The School is committed to developing a wide range of ways to engage and collaborate with our public in the design, conduct and dissemination of our research.
The Penan and their plants
Project Lead: Professor Chris Gosden
The Penan of Borneo are one of the last hunter-gatherer groups in southeast Asia and their lifestyle is under threat. This project, run by Chris Gosden, Huw Barton (Leicester) and Rory Carnegie focused on crucial three plant species: sago, rattan and bamboo, with short films documenting peoples’ use of the plants from gathering materials in the rainforest to finished products. They interviewed people concerning life in the rainforest, gaining some sense of their use of territory, the seasonal round and spiritual attachment to landscape. Carnegie took portraits of people in settings of their choosing, often with newly acquired white wares! They will curate a display of a selection of the photographs around the School buildings and screen the films to provide insights into contemporary hunter-gatherer life in the rainforest.
Playing with Fire: Making Metal in the Past
Project Leads: Dr Philippa Howarth and Dr Victoria Sainsbury
Victoria and Philippa will be building an Iron Age style copper furnace and related equipment such as bellows in order to demonstrate and experiment with prehistoric copper smelting, challenging assumptions about ancient metalwork. They will produce a podcast series documenting everything, from building the furnace to making the bellows, explaining the scientific background behind the chemical reaction and introducing archaeological research concerning the development of metallurgy across prehistoric Eurasia. Victoria and Philippa will film and demonstrate their FLAME-project related experiments, discussing both their research interests, techniques and results.
More than Money: Rethinking Coins in the British Iron Age
Project Lead: Dr Courtney Nimura
The introduction of coins is seen as marker of change in Iron Age society in Britain. It is easy to see these early coins as equivalent to today’s money, but current research challenges this assumption. As part of the More than Money project, participants will make their own coins, inspect genuine Iron Age and oversize replicas, and explore 3D models of coins online. Drawing on research by the Celtic Coin Index Digital (CCID) team, we will inspire audiences to think about how coins were made and used and what this tells us about society in Iron Age Britain.
The River Flow Memory Book Project
Project leads: Dr Alexander Geurds and Irene Torreggiani and Alvaro Laiz
The River Flow Memory Book project aims to raise awareness in Nicaraguan communities concerning the value of archaeology and traditional knowledge, for understanding surrounding fluvial environments and to assist in dealing with the increasing problems of water availability. Departing from the archaeological and ethnographic work by Irene and Alex, it involves a collaboration with the artist and photographer Alvaro Laíz (http://www.alvarolaiz.com/). The project applies botanical, ethnographic and geoarchaeological knowledge, combined with storytelling and photographic techniques, in recording past and present knowledge related to local rivers and sources of water across four rural communities in central Nicaragua. Through personal interviews, community members were asked to describe their different relationships with surrounding fluvial environments. In March 2020, finally, this geoarchaeological and local knowledge was discussed with the involved communities during a Public Engagement event, held in a community cultural center, the Casa de Cultura, purpose-built as part of Alex’s long-term project at the Aguas Buenas site. This photo is a portrait of Mauro Jeovani Rios from Aguas Calientes by Alvaro Laiz (photographer).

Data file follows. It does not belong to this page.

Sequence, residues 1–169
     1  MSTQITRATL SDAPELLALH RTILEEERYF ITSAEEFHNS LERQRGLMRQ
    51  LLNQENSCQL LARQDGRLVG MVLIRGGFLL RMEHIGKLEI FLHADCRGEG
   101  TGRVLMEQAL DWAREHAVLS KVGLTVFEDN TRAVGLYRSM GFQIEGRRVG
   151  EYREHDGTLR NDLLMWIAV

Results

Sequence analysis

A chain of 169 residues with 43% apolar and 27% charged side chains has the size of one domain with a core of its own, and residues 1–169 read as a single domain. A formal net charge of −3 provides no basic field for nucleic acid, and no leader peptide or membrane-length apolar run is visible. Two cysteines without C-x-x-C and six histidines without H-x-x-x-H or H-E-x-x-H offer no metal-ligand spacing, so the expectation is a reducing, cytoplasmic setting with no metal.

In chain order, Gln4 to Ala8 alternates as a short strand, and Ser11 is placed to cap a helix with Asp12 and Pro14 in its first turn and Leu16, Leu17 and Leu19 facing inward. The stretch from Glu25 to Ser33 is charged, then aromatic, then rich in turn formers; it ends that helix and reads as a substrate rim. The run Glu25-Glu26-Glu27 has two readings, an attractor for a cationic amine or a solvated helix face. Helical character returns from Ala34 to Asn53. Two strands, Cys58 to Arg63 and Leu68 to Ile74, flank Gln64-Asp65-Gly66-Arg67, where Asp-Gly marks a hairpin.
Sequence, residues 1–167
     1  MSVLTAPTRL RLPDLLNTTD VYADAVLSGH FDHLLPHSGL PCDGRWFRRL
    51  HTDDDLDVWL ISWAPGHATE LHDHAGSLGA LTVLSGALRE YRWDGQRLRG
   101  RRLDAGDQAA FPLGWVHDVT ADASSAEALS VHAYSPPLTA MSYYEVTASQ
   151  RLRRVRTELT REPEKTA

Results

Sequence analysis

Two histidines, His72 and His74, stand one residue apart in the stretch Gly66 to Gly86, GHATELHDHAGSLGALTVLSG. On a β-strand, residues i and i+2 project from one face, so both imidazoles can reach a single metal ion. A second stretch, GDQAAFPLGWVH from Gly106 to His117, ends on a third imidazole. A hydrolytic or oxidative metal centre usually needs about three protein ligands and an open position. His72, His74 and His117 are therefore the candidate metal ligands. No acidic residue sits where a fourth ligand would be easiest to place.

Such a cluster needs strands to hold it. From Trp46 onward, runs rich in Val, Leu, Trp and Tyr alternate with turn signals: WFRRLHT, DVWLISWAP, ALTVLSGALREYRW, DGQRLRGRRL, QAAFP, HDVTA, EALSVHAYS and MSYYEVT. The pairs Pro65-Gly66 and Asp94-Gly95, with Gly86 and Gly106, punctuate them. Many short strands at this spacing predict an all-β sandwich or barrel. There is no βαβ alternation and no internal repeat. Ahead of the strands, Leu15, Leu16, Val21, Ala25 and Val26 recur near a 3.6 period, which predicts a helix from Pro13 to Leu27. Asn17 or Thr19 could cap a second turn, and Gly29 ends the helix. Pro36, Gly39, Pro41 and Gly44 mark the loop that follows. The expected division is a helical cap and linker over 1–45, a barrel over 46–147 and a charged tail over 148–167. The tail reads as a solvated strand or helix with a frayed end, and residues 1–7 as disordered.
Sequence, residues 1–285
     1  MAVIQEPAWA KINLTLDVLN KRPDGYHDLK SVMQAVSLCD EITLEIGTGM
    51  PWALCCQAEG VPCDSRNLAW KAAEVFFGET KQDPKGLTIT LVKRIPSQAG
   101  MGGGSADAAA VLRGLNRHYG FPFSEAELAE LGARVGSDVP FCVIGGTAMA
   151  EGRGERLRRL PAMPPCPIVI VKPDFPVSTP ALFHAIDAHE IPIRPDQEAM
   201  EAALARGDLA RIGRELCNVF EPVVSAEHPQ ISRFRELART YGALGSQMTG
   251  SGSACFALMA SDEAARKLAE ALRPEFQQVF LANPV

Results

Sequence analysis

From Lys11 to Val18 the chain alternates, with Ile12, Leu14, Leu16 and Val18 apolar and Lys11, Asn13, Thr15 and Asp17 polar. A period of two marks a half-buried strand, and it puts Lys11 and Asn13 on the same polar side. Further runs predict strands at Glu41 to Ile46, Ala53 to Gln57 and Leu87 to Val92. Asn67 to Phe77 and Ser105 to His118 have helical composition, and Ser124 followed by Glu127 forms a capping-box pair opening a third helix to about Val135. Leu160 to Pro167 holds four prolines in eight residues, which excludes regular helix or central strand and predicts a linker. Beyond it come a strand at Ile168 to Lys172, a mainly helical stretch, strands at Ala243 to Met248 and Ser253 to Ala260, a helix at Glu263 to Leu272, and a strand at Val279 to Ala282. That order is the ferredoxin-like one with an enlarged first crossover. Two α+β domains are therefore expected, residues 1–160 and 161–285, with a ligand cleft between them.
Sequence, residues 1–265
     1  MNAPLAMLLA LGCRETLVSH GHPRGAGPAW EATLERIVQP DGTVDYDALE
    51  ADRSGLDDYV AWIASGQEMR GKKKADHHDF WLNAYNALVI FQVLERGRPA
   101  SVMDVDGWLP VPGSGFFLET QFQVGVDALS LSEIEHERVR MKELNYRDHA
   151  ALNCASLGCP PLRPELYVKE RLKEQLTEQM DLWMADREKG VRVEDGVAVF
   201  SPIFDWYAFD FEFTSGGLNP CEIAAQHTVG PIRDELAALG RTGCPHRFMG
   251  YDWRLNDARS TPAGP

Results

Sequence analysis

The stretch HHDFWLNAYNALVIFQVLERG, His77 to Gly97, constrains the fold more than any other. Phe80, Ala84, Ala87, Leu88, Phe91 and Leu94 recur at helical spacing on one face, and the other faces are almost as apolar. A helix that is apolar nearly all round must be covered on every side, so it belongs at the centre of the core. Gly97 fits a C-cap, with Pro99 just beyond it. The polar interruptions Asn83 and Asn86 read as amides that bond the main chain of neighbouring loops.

Digging for Meaning: Research from the Oxford School of Archaeology
Project Leads: Dr Victoria Sainsbury and Dr Philippa Howarth
Digging for Meaning will be the first podcast/video series by the School of Archaeology, with a particular focus on work by Early Career Researchers. More people than ever are turning to education resources online, but most archaeological material is aimed at young children or created by non-specialists. This series will be aimed at adults, serving as an introduction to archaeological concepts, cutting edge findings, and fascinating fieldwork. This project will build a base for further podcast series from the School. Anyone interested in contributing a podcast, with production and assistance provided, please contact Victoria directly. We hope to release the first podcast before Michaelmas 2020.
Public engagement archaeobotany kits
Project Lead: Dr Elizabeth Stroud
Liz is constructing botanical kits to support demonstrations at public engagement events. The kits will include a range of archaeobotanical specimens in vials, as well as the equipment needed to examine them. The specimens will be tailored to specific activities, themes and current projects within the department. Information cards will provide detailed descriptions of the cultivation, processing and/or past use of the taxa included. These kits will be adaptable for engagement with different audiences and include themes ranging from crop processing/flour production to alcohol flavourings, plant domestication and medieval crop rotation.